Photo by Fredrick Onyango via Wikimedia Commons
Another of those layout ideas I’m never likely to build, a freelance layout based in a ficticious African nation.
The above picture of a Rift Valley Railways passenger train in Nairobi, Kenya with its American diesel and vaguely European looking coaching stock is the sort of scene it might try to evoke. The RVR is metre-gauge (and most other lines in sub-Saharan Africa are 3’6″ Cape Gauge), but a model like the recently introduced Arnold U25C and Brawa DR “Reko” coaches could represent something similar. Some Kato Japanese-outline freight stock would not out of place either.
As for other motive power, there was an export model of the Brush 4 that ran in Zimbabwe, and might make an interesting conversion project from a Graham Farish 47. Kitbashing anything to represent the stylish English Electric export model 1-Co-Co-1s which also run in Kenya might be more of a challenge.
A lost city reveals the grandeur of medieval African civilization, and provides a bit of food for thought for anyone creating a psuedo-medieval RPG setting
Some of the world’s greatest cities during the Middle Ages were on the eastern coast of Africa. Their ornate stone domes and soaring walls, made with ocean corals and painted a brilliant white, were wonders to the traders that visited them from Asia, the Middle East, and Europe. They were the superpowers of the Swahili Coast, and they’ve long been misunderstood by archaeologists. It’s only recently that researchers outside Africa are beginning to appreciate their importance.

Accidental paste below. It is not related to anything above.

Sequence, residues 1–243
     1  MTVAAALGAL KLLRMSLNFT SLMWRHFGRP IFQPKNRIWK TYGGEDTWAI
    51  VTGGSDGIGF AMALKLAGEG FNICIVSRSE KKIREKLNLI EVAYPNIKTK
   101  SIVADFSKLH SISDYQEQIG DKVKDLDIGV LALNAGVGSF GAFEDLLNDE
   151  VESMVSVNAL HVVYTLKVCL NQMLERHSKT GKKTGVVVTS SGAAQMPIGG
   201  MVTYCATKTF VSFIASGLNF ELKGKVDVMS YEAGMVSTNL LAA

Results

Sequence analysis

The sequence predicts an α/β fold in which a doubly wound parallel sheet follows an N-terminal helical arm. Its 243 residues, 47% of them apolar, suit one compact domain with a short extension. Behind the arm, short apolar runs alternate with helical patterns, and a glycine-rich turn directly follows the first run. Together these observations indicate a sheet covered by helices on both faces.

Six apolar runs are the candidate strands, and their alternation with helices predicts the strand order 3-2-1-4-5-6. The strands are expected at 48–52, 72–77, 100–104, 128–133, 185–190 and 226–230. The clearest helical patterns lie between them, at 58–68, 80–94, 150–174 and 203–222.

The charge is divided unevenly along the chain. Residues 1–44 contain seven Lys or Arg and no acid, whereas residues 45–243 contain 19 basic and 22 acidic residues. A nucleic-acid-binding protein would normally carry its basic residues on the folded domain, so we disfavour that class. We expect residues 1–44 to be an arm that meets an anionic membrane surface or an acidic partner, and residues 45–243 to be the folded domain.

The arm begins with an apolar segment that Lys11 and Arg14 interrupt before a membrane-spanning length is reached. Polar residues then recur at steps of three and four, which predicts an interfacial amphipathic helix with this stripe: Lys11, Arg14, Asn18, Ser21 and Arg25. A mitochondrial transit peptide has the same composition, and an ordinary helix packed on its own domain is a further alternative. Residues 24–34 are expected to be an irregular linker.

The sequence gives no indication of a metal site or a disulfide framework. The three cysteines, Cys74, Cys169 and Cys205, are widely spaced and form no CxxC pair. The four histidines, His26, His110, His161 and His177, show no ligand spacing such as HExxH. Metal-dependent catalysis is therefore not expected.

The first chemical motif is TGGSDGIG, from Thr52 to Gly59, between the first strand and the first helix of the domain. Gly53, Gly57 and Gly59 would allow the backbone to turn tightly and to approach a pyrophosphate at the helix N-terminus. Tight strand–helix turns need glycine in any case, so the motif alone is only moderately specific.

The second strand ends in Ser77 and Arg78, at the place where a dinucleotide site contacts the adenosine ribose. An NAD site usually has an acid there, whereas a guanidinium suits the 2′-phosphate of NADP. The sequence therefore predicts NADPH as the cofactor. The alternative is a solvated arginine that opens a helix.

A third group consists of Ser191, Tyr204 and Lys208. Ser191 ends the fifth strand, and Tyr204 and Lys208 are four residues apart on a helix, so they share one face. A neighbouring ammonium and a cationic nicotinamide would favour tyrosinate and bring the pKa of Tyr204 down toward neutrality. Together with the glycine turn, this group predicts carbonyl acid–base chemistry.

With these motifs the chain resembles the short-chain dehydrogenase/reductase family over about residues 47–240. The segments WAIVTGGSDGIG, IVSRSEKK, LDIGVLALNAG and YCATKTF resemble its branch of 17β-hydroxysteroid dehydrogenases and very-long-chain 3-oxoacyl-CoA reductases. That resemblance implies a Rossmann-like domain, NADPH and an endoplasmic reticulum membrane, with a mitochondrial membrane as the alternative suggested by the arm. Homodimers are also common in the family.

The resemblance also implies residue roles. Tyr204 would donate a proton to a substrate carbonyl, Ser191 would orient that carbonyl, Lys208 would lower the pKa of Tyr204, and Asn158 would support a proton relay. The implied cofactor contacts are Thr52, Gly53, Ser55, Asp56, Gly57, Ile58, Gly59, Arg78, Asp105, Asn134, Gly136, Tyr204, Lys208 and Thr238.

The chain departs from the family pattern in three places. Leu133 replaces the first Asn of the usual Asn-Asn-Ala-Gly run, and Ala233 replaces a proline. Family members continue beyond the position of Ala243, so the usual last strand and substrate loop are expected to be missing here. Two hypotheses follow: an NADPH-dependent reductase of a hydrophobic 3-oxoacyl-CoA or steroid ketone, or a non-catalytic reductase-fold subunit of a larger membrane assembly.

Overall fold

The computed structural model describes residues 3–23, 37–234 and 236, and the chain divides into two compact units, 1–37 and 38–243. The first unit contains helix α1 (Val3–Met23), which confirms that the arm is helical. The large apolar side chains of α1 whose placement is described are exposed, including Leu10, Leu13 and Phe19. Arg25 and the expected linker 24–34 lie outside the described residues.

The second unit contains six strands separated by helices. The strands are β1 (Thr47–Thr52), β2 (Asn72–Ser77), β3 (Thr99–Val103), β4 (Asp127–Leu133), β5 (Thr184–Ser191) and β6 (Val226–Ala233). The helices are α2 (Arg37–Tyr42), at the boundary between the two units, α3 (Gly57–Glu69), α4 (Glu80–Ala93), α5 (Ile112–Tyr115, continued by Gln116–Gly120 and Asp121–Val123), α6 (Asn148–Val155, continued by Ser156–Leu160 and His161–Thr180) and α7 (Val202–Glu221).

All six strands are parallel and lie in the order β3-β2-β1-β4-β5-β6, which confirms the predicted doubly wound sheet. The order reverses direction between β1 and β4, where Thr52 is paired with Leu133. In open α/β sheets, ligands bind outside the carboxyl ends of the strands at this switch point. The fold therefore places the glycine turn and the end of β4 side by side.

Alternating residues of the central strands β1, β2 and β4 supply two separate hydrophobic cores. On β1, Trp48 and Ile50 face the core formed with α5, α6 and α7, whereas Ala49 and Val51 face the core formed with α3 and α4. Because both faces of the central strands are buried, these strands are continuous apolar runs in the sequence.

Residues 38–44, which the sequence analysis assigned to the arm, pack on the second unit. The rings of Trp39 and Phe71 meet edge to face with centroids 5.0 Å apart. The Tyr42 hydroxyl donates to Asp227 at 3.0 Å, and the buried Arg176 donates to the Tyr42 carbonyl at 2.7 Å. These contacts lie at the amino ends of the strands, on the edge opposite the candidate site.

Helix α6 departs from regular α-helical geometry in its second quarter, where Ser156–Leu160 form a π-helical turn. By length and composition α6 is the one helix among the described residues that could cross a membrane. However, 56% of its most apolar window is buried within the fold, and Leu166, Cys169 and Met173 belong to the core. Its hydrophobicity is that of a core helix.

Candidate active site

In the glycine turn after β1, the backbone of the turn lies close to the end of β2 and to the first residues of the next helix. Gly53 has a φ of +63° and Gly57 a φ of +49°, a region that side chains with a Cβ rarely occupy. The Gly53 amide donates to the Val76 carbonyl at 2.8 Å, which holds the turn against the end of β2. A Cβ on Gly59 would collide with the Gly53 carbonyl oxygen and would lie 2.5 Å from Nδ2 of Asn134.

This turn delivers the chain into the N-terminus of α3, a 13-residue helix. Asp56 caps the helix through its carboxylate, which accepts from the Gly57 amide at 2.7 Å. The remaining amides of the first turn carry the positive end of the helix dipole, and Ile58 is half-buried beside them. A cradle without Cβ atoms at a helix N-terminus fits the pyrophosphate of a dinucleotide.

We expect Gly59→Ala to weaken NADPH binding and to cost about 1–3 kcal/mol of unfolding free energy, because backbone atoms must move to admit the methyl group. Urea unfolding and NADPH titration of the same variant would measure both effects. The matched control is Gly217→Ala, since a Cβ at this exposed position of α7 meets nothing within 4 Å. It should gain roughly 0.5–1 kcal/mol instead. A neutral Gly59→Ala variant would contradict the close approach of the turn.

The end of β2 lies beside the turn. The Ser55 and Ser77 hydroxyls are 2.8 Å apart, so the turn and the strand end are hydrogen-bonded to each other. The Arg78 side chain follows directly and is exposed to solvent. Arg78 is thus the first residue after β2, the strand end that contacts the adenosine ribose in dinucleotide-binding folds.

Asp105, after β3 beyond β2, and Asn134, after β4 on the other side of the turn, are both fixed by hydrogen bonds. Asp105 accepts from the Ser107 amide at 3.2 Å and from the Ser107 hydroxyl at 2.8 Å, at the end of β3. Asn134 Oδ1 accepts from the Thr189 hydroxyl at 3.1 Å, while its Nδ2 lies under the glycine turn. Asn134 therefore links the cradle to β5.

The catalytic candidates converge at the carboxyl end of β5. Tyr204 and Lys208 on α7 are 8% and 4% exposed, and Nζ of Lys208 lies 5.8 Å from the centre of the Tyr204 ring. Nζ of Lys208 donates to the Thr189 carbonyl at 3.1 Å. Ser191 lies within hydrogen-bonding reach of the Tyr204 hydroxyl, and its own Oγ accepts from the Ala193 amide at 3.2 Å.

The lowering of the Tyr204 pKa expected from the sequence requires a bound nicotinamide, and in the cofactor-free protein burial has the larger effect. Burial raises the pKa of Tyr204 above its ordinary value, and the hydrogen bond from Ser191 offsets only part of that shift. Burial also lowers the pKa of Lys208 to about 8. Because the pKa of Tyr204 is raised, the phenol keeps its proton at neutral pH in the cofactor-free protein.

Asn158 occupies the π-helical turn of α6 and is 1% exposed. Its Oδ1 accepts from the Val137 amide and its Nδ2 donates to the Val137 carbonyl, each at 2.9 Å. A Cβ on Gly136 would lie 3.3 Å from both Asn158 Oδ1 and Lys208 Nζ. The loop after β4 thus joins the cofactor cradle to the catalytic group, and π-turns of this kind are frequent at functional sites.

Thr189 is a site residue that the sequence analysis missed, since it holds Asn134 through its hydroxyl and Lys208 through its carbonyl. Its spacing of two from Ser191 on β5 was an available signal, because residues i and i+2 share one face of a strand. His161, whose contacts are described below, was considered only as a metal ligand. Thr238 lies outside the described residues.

It’s easy to overlook the fact that in medieval times northern Europe was a backwater, and the real civilisations of the world were going on elsewhere. So any would-be game designer creating yet another Generic Fantasy setting based solely on medieval Europe is missing out.
The whole thing is worth reading, especially the way Songo Mnara had been wrongly assumed to have been a Arab outpost rather than an indiginous African civilisation. It’s true that it was Islamic, but it practiced an African version of Islam with far greater equality between the sexes.
At a time when game designers are being encouraged to be more inclusive, we should remember that medieval Africa wasn’t all primitive tribes, but contained sophisticated civilisations equal to those of Europe.
Posted in Games